In this week of European elections, it is more topical than ever to look at the resources allocated by the European Union to major projects and to compare them with what its main competitors are doing. A short introduction that will be followed by a series of interviews with various experts in different fields.
Global R&D growth
The “Horizon 2020” programme, launched in 2014 and ending in 2020, set itself the objective of investing 3% of GDP in R&D. The initiators of this EU framework programme, which includes all financing, had predicted that they could “create nearly 3.7 million jobs and increase the gross domestic product by around 800 billion euros by 2025“. It will be replaced from 2021 to 2027 by “Horizon Europe“, which we have already mentioned, with a target of 100 billion euros to finance Research and Innovation.
In comparison to this plan, which is still at the advisory stage, the World Bank estimates global R&D expenditure for 2016 at 2.22% of GDP (most recent data available). A percentage that is growing steadily (in 1996, the figure was 1.97% of GDP). Using this indicator, we note that the European Union devotes 2.03% of GDP (2.13 for the Euro zone), the USA 2.66%, China 2.11% and Russia 1.10%. You cannot miss the phenomenon that is Switzerland with their 3.37% of GDP devoted to R&D.
Let us not forget that, alongside the major world blocs and states, you can now find the global giants (GAFAM and NATU companies). For example Recode media estimated that in 2018, Amazon was the leading R&D investor in the USA with 23 billion dollars. Amazon is ahead of Alphabet, which has invested $16.6 billion. Apple, which is only fifth after Intel, invested 11.6 billion.
The space race
As we have just seen with the Rosetta Probe, the launch of Galileo and, more recently, black hole photography (the result of international cooperation in which it has been an active participant), Europe is a major player in space. What about investments? In 2016, the EU launched “a public consultation on the European Space Strategy“. The plan agreed on at the end of the consultation should translate into a budgetary investment of €16 billion in programmes such as Galileo/Egnos and Copernicus.
It is difficult to judge such initiatives against other objectives set by the major world blocs. However, it is possible to compare the annual budget of the space agencies. While ESA has a budget of 5.72 billion euros in 2019, NASA’s budget is about 21.5 billion dollars, while the Chinese National Space Administration had a budget of 11 billion dollars in 2017.
Obviously these budgets conceal differing strategies as we saw in an editorial on the Space X Project.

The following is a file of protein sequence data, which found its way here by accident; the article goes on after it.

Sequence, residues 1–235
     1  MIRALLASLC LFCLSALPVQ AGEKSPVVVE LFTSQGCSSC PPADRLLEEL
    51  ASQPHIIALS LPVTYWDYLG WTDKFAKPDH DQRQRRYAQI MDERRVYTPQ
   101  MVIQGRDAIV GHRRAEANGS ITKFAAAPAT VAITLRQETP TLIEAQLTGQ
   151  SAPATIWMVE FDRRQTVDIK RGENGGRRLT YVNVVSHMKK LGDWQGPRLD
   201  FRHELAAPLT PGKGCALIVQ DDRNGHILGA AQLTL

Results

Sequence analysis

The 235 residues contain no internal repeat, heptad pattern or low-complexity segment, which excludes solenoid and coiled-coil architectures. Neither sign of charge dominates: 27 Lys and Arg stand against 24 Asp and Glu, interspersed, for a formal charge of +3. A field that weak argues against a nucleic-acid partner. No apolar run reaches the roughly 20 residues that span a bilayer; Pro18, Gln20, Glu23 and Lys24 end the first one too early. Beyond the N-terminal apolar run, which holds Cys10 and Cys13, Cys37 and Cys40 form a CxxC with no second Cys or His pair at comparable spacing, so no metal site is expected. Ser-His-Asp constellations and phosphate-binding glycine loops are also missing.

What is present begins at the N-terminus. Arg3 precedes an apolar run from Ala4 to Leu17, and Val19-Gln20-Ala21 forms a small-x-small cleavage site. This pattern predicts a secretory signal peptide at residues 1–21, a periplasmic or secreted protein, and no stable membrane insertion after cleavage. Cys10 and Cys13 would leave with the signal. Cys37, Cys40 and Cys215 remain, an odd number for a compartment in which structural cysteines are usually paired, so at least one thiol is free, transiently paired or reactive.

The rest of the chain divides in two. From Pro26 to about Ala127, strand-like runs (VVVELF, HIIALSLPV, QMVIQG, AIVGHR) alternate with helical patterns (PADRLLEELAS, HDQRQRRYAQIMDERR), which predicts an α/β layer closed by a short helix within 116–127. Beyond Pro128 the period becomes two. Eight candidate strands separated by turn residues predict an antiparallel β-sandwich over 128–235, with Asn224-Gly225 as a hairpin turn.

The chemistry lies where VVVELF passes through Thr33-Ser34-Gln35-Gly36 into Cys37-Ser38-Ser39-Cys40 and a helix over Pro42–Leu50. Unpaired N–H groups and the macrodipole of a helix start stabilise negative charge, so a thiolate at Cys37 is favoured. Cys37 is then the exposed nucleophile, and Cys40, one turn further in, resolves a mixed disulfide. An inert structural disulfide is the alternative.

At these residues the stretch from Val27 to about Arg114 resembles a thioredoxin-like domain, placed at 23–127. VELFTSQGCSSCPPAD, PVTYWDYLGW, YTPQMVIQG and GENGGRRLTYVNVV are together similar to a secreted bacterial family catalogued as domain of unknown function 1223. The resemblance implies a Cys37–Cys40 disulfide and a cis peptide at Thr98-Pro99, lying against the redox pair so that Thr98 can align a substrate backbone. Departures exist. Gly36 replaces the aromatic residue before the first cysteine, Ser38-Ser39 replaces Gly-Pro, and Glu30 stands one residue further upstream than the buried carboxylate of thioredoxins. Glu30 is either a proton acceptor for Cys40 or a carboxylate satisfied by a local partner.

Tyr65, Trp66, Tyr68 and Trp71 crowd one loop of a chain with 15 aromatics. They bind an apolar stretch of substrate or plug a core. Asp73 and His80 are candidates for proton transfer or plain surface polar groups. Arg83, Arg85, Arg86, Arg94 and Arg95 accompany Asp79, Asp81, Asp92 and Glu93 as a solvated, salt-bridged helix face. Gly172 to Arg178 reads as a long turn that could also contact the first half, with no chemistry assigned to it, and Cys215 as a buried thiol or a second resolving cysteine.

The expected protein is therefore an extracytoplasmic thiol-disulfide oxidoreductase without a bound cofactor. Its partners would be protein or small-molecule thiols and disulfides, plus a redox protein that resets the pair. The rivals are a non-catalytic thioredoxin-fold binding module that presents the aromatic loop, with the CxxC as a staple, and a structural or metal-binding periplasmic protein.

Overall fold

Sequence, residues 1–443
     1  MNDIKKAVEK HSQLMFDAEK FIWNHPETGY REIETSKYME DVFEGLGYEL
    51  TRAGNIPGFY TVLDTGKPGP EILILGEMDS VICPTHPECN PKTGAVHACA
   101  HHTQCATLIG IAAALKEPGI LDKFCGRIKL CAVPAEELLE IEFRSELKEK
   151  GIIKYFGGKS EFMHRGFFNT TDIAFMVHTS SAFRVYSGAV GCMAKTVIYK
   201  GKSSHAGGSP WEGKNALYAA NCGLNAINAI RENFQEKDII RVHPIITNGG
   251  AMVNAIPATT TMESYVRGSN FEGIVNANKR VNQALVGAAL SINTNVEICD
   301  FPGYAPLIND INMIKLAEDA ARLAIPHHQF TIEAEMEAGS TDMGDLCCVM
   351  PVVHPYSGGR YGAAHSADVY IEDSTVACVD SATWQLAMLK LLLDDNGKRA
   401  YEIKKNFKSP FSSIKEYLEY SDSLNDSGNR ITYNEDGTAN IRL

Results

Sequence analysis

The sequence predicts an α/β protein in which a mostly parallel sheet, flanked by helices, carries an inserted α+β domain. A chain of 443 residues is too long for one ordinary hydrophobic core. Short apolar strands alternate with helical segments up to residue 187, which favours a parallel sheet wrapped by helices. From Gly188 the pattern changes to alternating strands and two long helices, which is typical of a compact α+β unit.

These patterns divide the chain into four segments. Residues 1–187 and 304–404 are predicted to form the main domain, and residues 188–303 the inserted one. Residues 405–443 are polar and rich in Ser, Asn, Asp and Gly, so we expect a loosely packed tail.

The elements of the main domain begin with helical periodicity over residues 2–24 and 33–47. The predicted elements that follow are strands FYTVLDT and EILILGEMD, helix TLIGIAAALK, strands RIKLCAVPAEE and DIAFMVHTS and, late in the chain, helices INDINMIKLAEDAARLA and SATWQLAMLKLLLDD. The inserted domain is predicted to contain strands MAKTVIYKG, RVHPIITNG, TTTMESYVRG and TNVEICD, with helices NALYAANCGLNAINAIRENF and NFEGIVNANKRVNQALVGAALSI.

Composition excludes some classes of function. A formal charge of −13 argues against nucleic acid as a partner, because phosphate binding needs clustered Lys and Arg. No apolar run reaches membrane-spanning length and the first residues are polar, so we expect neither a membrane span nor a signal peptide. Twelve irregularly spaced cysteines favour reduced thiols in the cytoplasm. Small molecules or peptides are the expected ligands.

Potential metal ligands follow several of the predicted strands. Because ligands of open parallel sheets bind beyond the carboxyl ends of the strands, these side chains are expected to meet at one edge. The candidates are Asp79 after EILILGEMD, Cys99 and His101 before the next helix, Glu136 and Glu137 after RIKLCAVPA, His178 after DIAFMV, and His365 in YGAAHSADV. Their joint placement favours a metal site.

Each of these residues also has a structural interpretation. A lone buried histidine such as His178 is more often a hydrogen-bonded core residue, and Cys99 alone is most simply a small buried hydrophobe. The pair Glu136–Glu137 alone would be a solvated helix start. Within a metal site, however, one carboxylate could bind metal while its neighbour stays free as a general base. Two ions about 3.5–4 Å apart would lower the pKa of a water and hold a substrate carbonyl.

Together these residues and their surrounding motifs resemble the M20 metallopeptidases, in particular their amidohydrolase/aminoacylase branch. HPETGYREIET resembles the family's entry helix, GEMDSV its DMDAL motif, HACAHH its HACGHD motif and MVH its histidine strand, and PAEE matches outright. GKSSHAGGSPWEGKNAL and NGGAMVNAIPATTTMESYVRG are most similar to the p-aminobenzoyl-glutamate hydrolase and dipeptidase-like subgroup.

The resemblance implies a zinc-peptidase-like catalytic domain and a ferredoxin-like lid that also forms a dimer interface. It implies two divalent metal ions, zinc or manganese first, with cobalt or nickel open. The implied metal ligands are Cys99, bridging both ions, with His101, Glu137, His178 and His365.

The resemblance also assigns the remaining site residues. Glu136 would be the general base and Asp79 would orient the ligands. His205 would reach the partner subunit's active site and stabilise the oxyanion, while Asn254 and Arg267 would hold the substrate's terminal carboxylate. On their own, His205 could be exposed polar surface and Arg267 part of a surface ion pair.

AI in pride of place
Artificial intelligence is firing on all cylinders, and the EU is keen to make its contribution. In a recent press release, it was announced that “Member States and the Commission will work together to boost “Made in Europe” artificial intelligence . This will undoubtedly be one of the “flagship” topics of the future Horizon Europe plan. The authors of the communiqué also acknowledge the low level of investment: “Investment levels for AI in the EU are low and fragmented, compared with other parts of the world such as the US and China. (…) In line with the AI strategy presented in April, the plan foresees increased coordination of investments, leading to higher synergies and at least €20 billion of public and private investments in research and innovation in AI from now until the end of 2020 and more than €20 billion per year from public and private investments over the following decade. Complementing national investments, the Commission will invest €1.5 billion by 2020, 70% more than in compared to 2014-2017. For the next long-term EU budget (2021-2027) the EU has proposed to invest at least €7 billion from Horizon Europe and the Digital Europe Programme in AI.”
Will these remarkable efforts be enough? Especially when we know that the Trump administration has decided to make AI a priority in the context of confronting China. The Pentagon has announced the creation of a dedicated AI centre with an annual budget of $75 million (a total of $1.7 billion over five years) and in September Darpa hopes to allocate a budget of $2 billion over five years. China announced a Major Plan for AI in 2017 that can be summarized into three objectives: “to be a leader in the field by 2030, to reach a subsidy level of at least 23.15 billion dollars by 2020 (the European Union’s is 20 billion euros but requires the contribution of member countries), and to create a national market of 156 billion dollars.” Finally, we should stress the fact that for this field perhaps more than for others, the development of AI will vary according to socio-cultural differences and will be strongly influenced by them: from “Chinese facial recognition” to European “GDPR” and the flexibility of US laws, there will be all manner of possible subtleties…
Whether it is R&D, Space or AI, the future European Commission will certainly have to contend with fierce competition and, as we may well imagine, staying in the race will not just be a matter of backing it with resources. Strategies will also have to be put in place.
To complete this introduction, we invite you to read our interviews with experts: